Bill Clinton Cancels Nutter Campaign Appearance, Leaves Occupy Philly Out in the Cold
An hour before President Clinton’s scheduled appearance at Temple University on Saturday, a line had already formed outside Mitten Hall, in the slushy, frigid snow. By 2 p.m., when doors were supposed to open, more than 200 people waited before getting word that Clinton’s event—for Mayor Nutter’s re-election campaign— would be canceled, due to the nasty weather.
Normally during campaign speeches the audience hoots and hollers. This time, “empty campaign promises” would be greeted with silence, said a young protester with a white cloth tied around her mouth.
“They’re so rich they get free speech—get to be heard. Sounds like bribery to me,” said Paul Sheldon, a 68-year-old retired Villanova professor, who was joining the silent protest. He and his wife started supporting the Occupy movement when they were protesting genetically modified food, because the United States doesn’t require labeling of GMO food.
“There are lots of issues that bring people together (at Occupy),” said his wife, Fran. “There are lots of different tipping points.” The couple’s reason to protest Bill Clinton was campaign finance.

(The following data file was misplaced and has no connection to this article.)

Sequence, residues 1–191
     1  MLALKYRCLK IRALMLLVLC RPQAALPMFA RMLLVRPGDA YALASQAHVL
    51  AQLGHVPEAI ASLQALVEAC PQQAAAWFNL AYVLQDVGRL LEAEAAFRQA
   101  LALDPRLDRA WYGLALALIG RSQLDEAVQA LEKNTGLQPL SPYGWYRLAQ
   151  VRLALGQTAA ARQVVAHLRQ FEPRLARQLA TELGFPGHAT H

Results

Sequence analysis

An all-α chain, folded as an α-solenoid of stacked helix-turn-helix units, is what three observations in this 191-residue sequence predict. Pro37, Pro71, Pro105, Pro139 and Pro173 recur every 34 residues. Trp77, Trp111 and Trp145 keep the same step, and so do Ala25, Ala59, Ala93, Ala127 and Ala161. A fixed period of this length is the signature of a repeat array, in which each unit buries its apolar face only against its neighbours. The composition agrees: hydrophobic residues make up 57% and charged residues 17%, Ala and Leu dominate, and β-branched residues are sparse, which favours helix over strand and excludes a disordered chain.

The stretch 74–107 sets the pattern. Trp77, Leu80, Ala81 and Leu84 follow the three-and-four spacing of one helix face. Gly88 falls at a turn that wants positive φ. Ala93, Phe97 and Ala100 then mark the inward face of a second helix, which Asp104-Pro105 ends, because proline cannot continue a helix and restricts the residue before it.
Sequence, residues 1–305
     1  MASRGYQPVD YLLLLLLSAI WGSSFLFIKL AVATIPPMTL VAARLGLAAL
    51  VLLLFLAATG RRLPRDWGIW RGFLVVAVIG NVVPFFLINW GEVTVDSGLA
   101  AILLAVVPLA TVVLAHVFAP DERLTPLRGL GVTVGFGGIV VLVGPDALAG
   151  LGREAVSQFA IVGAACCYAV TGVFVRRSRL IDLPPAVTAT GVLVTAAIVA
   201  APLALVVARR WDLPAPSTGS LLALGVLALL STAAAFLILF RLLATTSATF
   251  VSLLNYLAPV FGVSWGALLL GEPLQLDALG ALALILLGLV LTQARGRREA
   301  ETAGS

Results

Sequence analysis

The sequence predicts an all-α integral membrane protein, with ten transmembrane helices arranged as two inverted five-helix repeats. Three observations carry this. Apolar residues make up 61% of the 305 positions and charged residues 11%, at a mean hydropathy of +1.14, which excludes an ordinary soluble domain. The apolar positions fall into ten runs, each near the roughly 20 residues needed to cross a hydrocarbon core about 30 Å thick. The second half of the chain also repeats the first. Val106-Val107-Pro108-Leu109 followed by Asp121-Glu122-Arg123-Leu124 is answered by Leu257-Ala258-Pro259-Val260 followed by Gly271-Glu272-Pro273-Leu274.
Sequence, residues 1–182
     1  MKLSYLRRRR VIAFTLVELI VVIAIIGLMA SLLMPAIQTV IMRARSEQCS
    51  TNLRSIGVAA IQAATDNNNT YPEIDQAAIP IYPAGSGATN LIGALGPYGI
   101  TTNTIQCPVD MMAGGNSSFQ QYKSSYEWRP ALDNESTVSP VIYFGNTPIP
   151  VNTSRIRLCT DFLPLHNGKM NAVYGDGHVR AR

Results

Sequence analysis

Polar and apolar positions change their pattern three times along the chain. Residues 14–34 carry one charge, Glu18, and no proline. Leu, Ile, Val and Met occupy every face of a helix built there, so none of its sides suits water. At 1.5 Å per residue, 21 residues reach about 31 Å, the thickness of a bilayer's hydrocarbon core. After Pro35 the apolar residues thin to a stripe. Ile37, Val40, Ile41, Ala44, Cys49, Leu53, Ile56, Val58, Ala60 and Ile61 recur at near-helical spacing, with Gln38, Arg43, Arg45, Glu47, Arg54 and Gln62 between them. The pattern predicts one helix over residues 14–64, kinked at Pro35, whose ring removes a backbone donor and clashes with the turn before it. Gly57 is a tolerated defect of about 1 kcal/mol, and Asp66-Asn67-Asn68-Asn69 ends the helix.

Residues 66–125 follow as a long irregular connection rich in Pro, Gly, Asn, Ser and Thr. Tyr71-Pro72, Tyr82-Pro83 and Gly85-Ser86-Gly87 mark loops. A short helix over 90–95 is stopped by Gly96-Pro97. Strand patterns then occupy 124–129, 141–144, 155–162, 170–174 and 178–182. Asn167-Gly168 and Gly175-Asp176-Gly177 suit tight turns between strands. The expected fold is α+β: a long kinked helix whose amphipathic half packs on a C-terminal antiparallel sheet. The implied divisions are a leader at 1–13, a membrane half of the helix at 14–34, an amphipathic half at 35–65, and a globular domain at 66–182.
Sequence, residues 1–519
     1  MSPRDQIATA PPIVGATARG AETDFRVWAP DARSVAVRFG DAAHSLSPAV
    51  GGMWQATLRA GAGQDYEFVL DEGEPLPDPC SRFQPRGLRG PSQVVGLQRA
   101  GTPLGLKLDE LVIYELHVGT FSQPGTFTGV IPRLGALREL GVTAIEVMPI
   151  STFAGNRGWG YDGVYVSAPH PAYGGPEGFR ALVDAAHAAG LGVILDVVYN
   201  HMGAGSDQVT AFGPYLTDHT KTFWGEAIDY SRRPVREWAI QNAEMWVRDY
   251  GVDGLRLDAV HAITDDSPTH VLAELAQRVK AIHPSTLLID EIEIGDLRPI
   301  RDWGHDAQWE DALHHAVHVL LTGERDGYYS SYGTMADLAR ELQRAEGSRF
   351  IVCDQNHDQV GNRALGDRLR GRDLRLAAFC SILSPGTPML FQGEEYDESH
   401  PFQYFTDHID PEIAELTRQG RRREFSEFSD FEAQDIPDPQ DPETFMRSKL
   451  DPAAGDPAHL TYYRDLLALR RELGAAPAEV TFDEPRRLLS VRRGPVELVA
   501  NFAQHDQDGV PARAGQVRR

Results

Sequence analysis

“There are so many areas in our lives that corporations have taken over,” she said. Big business has intimate relationships with people in power—and those people in power depend on corporations and business interests to fund campaigns.
Even Obama’s campaign, which prided itself on never taking money from registered lobbyists, depends on large-scale donations from the corporate world. Obama calls David L. Cohen, head honcho at Comcast who raised more than $500,000 for the president at a fundraiser at his Mt. Airy house, a “good friend.”
According to the New York Times, “At least 15 major fundraisers for the Obama campaign … have been involved with different aspects of the lobbying and influence industry, representing a range of corporate interests from telecommunications and high-tech software to Wall Street finance, international commerce and pharmaceuticals.”